Eking Out A Conscious Living
|It all began with an idea of a feather floating aimlessly in the wind. Not wanting to be part of an aimless pack in society anymore, Supatriana Supaat decided that it was time for her to adopt a more focused and conscious lifestyle.|
I felt that many of us, myself included, are like this feather – we are going where the wind blows, leading our lives based on what people and society expect us to do. So this whole idea of Livconsciously actually came about from that. It’s about living your conscious life based on conscious choices, decisions and options, and based on your own values and truths. I wanted to nurture a community of conscious consumers and producers and to try and protect the environment as well as vulnerable communities.
|Triana (as she’s fondly known to her family and friends) is very passionate about passing on this new awakening to the rest of society. She feels that collective action is needed in order to save the world, especially when it comes to environment degradation and the overconsumption of mass products.|
Whenever the environment is being exploited, poor people also get exploited – they are most at risk and are unfairly treated. When we buy things without thinking and aren’t being socially and environmentally conscious, we add to this exploitation of the environment and people.
Also, there are so many people doing good things who are having a challenging time competing with big players on an unequal playing field. Sometimes, they have to compromise on their causes to compete, like bringing down their prices or even contemplating mass production. But at the end of it all, you're not really helping people and your products will be affected. I think it’s sad and unfair when a social entrepreneur has to start compromising his or her own values of why he or she started the business. So I was inspired to think about how I can try to address these issues.
What better way to do this than to embark on a social entrepreneurship journey? One that married profit with sustainability and social impact. So the 44-year-old left the corporate world – one that she had been in for the past two decades or so – and spent the last year working tirelessly to see her idea through fruition. Triana wanted to create a platform that will allow her to not only change consumer mindsets but also advocate the causes and products of other like-minded social entrepreneurs.
We believe in collaborating with partners who are aligned with our causes. They are already doing good work so we will feature them and showcase their products. So we adopted a three-pronged approach. First, we provide an e-commerce platform where you can easily find and support products or initiatives that create social impact, ranging from protecting the environment, empowering vulnerable communities and championing other social issues. Second, we feature stories or initiatives on social and environmental causes. Third, we take action by supporting a community of people who will rally together to raise funds and support awareness on specific causes. Livconsciously will also put up a certain percentage of our profits to support some of these causes.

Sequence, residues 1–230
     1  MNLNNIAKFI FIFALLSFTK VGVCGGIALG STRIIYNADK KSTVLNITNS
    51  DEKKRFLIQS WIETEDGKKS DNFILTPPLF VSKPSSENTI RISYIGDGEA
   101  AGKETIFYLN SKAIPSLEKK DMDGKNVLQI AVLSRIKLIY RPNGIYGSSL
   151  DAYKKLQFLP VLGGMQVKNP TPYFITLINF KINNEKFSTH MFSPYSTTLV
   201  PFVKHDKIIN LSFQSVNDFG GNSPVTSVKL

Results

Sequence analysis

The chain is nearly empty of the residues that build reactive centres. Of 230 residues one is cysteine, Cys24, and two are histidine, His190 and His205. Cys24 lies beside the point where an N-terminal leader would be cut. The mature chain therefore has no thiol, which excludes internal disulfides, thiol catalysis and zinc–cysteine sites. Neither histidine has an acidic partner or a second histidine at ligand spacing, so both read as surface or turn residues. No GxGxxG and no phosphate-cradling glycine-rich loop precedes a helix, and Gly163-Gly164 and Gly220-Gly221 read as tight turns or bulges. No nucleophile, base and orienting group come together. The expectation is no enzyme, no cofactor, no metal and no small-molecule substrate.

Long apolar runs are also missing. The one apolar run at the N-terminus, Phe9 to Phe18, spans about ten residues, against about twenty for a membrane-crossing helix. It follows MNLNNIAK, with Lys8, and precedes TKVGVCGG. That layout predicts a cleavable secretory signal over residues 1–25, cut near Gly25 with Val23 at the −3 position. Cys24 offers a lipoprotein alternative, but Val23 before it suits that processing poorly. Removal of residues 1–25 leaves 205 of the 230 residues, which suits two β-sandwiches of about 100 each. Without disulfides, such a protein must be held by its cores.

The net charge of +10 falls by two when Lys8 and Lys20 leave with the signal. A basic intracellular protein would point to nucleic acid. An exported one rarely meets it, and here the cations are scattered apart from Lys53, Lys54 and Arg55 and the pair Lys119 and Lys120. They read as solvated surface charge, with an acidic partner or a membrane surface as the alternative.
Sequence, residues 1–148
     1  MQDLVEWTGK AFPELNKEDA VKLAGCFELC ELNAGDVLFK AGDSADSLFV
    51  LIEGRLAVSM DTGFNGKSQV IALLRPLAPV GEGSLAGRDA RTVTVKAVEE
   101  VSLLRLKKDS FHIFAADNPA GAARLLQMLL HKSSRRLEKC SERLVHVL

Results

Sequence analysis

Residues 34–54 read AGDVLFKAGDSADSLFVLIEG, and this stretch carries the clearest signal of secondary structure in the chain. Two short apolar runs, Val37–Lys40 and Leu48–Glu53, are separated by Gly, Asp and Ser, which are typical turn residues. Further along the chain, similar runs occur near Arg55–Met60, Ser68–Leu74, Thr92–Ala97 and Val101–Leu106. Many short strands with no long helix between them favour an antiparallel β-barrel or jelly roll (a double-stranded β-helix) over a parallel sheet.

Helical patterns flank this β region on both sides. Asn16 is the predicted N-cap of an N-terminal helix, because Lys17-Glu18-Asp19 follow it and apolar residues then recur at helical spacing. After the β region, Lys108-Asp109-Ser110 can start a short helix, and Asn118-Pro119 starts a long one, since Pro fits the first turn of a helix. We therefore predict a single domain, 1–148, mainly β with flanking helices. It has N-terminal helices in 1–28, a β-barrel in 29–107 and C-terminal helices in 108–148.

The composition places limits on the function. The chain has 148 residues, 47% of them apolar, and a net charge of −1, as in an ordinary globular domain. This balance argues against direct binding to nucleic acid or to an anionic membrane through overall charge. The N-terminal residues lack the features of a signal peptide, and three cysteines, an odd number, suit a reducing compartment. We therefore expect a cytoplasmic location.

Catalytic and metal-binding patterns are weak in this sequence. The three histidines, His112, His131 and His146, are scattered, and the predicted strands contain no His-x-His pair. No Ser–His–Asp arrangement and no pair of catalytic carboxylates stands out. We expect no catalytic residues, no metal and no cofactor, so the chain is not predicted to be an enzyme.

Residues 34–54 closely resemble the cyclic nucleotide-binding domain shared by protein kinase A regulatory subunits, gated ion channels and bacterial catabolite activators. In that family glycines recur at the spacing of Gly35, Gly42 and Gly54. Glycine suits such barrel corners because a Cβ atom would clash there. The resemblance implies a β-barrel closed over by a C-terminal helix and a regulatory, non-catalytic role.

Ultimately, Triana wants to build a brand that will churn out positive results, both socially and financially. It’s about paying it forward, but with some costs involved. It may sound ambitious, but Triana is confident that consumers will see the bigger picture.
When you buy the products on my platform and take part in some of these initiatives, you are multiplying the social impact. For example, if you buy a fair-trade product, it directly helps a poor and marginalised community in Southeast Asia. If you buy things which are eco-friendly, like a reusable cup, you’re helping to cut down on the environment exploitation. So it’s about changing mindsets, consumer behaviors and lifestyles. You have to start small. Hopefully, the consumers know that they’re doing good by buying items from my partners who are already doing good. Then you can create a do good community and get more ideas. That's when you can spearhead more initiatives to help more people.
But are Singaporeans ready to live consciously? This term is a big thing in the Western world but isn’t it still a relatively rare concept here? Well, according to a Nielsen study, four in five Singaporeans are willing to pay for products that are sustainable and environmentally-friendly. And it’s this revelation that gives hope to Triana about the direction her business is headed towards.
There is actually a sustainability and conscious-living mindset here. It’s gaining traction in Singapore, especially among the young and people in their 30s and 40s. There is a market for it but maybe people just don't have the time. So this is where Livconsciously comes in. We will offer that value to consumers who want to support social impact initiatives and hopefully, build a socially-conscious community.
Stay tuned for more about Triana's social entrepreneurship journey.